The K9 is available with a solar roof, but the one that’s being tested by Portland does not have this option.
Batteries have longer life, more stable chemistry, maker says
The battery chemistry itself is what continues to separate BYD from the rest of the industry. You won’t find any common lithium-ion or lithium-polymer cells here. Instead, the lithium-iron-phosphate (LFP) cells used in the bus offer greater longevity and more stability, the company claims--just as in the BYD electric cars that aren't available here.
The battery packs themselves, and the modules within, are assembled in California, using cells from China. Thus far, the Lancaster facility employs about 100, although the workforce could become several times larger with any major U.S. contract.
Although the company has made inroads in Mexico, so far BYD’s largest contract in the U.S. is with Stanford University, where there have been three all-electric buses in regular use since September, with an order for 12 more now in.
But the BYD buses have have already been proven elsewhere. This is BYD’s second electric bus design for sale, a model that’s been in service since 2005, and more than 2,000 of them have been placed into service, with more than 600 of those outside China (Brazil and India are among the markets).
What’s the cost? While we can’t say exactly, Phillip Woolen, the North American maintenance director for BYD, confirmed that a typical (diesel) U.S.-spec bus, of the type that Portland seeks, costs about $400,000. The BYD buses vary quite widely in cost, depending on build and contract, but run “more than 50 percent” higher than those conventional buses.
Worthy of a federal grant?
To pay for that, TriMet has submitted a grant proposal to the Federal Transit Administration (FTA) for $5.63 million, and there’s about a $5.35 million local match, all going to purchase nine all-electric buses (not yet confirmed as BYD models) and install charging stations.
Federal transportation funding requires that buses have more than 60 percent domestic content, and BYD’s Woolen said that at Lancaster they can build the K9 with up to 80 percent as required.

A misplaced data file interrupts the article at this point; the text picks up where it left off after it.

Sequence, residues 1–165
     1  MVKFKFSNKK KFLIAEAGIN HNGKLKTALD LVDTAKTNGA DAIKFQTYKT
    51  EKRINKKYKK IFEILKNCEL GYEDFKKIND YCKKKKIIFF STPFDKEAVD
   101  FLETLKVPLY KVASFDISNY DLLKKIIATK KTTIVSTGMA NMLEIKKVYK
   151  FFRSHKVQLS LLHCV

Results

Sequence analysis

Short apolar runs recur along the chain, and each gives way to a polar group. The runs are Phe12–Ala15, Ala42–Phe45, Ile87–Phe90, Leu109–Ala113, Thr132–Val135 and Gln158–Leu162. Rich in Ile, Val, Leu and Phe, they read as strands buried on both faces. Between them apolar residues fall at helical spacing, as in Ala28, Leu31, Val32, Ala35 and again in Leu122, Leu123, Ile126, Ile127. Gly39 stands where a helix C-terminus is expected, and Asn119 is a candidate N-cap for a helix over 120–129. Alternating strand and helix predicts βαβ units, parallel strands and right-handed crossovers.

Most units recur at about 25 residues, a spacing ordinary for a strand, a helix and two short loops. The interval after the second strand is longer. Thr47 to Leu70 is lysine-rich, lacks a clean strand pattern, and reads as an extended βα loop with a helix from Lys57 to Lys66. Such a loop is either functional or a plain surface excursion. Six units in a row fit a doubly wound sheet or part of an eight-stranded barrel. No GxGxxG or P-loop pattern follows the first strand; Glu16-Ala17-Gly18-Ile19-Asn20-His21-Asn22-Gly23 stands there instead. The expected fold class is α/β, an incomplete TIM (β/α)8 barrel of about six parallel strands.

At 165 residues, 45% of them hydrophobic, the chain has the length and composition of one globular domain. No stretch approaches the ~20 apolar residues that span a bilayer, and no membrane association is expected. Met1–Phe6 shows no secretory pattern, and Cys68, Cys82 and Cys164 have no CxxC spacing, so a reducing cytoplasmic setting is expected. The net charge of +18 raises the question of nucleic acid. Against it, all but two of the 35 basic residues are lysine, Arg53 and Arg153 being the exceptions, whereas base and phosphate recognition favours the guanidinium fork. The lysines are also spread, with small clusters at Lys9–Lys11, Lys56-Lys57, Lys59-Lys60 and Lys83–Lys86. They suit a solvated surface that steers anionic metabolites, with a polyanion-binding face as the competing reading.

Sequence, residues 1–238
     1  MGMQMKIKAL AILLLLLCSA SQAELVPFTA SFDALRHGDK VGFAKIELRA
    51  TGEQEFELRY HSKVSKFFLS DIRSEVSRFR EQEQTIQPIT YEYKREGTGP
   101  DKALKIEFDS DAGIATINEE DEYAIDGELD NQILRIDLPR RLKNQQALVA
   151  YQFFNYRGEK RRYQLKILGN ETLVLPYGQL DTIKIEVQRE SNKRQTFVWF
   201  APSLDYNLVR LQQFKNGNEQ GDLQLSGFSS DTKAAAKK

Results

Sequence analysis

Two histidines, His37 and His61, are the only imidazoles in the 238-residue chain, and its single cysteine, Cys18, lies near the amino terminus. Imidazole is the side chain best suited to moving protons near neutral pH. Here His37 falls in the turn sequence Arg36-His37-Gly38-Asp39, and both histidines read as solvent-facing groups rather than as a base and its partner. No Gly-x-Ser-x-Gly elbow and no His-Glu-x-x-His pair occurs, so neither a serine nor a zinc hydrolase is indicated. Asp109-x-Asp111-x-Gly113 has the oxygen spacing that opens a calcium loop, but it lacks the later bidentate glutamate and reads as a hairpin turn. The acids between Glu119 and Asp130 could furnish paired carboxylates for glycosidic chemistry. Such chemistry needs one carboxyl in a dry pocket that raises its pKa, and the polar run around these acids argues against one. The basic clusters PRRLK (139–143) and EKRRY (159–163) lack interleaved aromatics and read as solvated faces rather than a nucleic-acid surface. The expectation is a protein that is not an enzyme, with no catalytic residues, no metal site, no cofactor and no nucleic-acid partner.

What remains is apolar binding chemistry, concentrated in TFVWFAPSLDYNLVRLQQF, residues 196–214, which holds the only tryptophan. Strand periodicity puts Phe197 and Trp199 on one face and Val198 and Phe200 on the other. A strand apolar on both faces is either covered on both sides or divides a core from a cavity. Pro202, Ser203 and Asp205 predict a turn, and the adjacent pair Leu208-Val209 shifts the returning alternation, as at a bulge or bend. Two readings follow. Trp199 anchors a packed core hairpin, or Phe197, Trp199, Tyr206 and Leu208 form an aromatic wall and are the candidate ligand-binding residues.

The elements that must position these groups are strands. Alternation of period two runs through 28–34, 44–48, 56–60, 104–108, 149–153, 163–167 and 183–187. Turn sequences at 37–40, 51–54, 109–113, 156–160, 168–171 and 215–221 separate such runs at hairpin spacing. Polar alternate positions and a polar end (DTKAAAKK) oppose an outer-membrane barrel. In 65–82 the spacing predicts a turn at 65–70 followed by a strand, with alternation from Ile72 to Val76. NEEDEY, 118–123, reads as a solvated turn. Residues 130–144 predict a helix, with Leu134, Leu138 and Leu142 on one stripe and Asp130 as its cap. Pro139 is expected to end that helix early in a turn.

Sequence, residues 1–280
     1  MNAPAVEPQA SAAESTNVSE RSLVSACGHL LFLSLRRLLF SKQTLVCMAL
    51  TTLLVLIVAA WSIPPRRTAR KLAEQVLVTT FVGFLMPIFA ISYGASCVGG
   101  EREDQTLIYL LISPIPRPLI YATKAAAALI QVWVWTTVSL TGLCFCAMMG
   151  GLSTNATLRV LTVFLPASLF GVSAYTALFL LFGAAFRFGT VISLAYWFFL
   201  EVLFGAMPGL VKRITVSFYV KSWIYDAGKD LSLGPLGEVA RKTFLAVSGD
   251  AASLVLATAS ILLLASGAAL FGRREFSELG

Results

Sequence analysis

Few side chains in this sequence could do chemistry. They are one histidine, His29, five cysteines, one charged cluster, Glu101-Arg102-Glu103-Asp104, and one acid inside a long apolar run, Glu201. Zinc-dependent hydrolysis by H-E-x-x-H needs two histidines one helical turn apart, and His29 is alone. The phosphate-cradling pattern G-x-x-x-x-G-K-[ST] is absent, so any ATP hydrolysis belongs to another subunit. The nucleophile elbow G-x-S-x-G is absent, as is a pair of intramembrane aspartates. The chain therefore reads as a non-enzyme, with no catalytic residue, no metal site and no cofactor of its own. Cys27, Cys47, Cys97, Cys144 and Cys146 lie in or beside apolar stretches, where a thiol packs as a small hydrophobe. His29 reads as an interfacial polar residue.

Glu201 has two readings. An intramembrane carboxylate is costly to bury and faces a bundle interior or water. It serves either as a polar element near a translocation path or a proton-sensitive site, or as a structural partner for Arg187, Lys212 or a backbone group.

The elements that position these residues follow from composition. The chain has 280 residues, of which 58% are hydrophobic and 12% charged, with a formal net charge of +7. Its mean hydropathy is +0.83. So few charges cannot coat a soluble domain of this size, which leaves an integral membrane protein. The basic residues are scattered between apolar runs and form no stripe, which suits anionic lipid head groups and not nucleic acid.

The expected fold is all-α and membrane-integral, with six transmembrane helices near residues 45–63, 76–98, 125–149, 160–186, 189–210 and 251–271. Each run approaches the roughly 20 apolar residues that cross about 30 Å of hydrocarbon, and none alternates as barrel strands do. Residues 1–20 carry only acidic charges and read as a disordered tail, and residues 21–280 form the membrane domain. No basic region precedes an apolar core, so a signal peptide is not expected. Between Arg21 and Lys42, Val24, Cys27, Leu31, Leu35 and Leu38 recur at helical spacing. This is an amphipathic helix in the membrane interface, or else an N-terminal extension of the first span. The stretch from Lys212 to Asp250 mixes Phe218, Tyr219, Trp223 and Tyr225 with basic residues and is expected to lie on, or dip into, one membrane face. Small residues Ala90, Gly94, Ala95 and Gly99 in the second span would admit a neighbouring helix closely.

Pedestrian safety is another concern here. With these buses making very little noise -- especially as they approach from the front -- will there be more danger to pedestrians?
BYD says it isn’t aware of any rise in pedestrian incidents associated with these buses in other places where they’ve in use, but says it’s working with concerned groups to make sure that the buses emit low-speed noises that pedestrians will be able to hear in noisy places.As for worries about end-of-use scenarios, BYD describes its iron-phosphate chemistry as non-toxic, and frequently uses the term ‘disposable’ for its battery, which we’re also curious about -- as a representative talked not about end of use but instead focused on describing all the ways that its cells and battery packs could be repurposed.
That’s because, after all, the cells are estimated to last 20 years and beyond--while a typical bus, through primary and secondary owners, is on the road for 12 to 15 years.
Claimed 20-year battery pack
Yes, one of the interesting (and potentially hard to believe) things about the battery pack is that BYD says it will last 12 years before it reaches 80-percent degradation--and 20 years before it’s at a 70-percent degradation in capacity, based on daily charging. After that, it could be useful for some years in various energy storage or grid-buffering needs.
While some of these numbers will have to stand up to the test of time, this is perhaps the best real-use test of BYD and its unique battery chemistry on these shores.
In anticipation of the next, better round of electric cars headed to these shores, we’ll be following up with TriMet to see if the bus--and perhaps more importantly, the battery--lives up to its company’s claims.